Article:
finance news

Swiss franc edges up versus Euro as Greek anxiety rises

The Swiss franc ticked up against the euro on Monday due to mounting worries about Greece's debt mountain, in what could become the first real test of the Swiss National Bank's resolve not to let the franc appreciate past 1.20 per euro.

After the 'Swissie' gained some 20 percent against the common currency in the space of a few months, threatening to tip Switzerland into recession. With exports slumping and politicians warning of rising joblessness, on Sept. 6 the SNB announced it would set a ceiling on the franc.

There was little impetus for investors to test the SNB's resolve to defend its target last week as there was relatively little news about euro zone sovereign debts spooking investors last week.

But the euro dived to a seven-month low against the U.S. dollar and a 10-year trough versus the yen on Monday, on worries that the euro zone's support for Greece is wobbling and that the country may be forced to default on its debt.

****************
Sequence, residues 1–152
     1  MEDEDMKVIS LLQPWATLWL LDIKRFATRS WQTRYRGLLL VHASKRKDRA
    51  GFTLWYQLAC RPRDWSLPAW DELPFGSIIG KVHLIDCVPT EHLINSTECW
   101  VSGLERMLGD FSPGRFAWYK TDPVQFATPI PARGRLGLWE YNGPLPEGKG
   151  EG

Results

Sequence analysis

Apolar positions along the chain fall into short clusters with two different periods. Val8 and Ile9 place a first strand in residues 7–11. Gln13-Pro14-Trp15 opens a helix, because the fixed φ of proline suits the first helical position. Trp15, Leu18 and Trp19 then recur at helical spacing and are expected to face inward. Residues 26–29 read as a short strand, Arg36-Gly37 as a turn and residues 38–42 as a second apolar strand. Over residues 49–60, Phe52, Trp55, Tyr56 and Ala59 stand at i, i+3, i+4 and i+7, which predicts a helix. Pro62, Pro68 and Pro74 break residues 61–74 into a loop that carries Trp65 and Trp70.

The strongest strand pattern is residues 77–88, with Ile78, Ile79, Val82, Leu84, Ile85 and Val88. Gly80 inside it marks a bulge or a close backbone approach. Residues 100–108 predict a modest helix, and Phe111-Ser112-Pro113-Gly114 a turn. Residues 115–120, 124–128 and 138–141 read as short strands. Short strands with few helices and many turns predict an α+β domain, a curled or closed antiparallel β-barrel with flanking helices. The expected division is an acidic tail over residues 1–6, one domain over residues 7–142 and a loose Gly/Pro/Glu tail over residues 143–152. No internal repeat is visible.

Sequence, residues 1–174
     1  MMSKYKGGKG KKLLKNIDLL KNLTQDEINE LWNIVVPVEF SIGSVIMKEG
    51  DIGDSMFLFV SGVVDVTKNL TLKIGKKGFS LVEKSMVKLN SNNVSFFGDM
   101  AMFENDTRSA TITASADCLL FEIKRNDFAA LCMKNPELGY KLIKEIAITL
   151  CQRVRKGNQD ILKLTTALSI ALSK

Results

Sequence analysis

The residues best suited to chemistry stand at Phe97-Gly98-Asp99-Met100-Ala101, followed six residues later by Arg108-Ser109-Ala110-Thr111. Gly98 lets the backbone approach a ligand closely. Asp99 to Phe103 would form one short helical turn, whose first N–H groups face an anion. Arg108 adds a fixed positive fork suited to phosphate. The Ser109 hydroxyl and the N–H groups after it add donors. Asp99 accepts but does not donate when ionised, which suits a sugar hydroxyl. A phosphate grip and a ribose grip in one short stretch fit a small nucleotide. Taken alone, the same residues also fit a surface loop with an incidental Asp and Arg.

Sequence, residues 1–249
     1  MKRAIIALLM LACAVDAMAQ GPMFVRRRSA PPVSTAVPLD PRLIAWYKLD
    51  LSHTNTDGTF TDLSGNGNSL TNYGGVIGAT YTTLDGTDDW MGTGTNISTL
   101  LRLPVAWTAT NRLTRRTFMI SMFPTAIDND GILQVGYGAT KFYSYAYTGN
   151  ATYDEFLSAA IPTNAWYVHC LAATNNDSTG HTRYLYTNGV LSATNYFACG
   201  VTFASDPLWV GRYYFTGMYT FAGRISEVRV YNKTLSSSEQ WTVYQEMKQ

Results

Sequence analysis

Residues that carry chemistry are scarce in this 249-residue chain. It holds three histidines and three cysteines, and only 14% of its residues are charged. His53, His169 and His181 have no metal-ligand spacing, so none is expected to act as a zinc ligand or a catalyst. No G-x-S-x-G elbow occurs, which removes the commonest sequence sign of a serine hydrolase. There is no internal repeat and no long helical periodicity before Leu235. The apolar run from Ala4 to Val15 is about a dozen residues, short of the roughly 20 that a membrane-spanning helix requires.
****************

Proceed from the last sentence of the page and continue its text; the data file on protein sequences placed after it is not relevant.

Fears about a Greek default rose after senior politicians in German Chancellor Angela Merkel's centre-right coalition started talking openly about it.

The franc was trading slightly higher against the euro compared with the New York close, at 1.2058 per euro at 0907 GMT. It was marginally weaker against the dollar at 0.8883 per dollar.

"Increasingly tough talk from other European leaders towards Greece in the face of political tension from their own electorates has raised further fears that Greece will be unable, or unwilling to meet the requirements of the next bailout tranche, and thus lose funding, and ultimately default on its debt," Michael Hewson, market analyst at CMC Markets.

The SNB holds its quarterly monetary policy review on Sept. 15. According to a Reuters poll of analysts the SNB is expected to keep rates unchanged and to be able to defend its ceiling on the franc.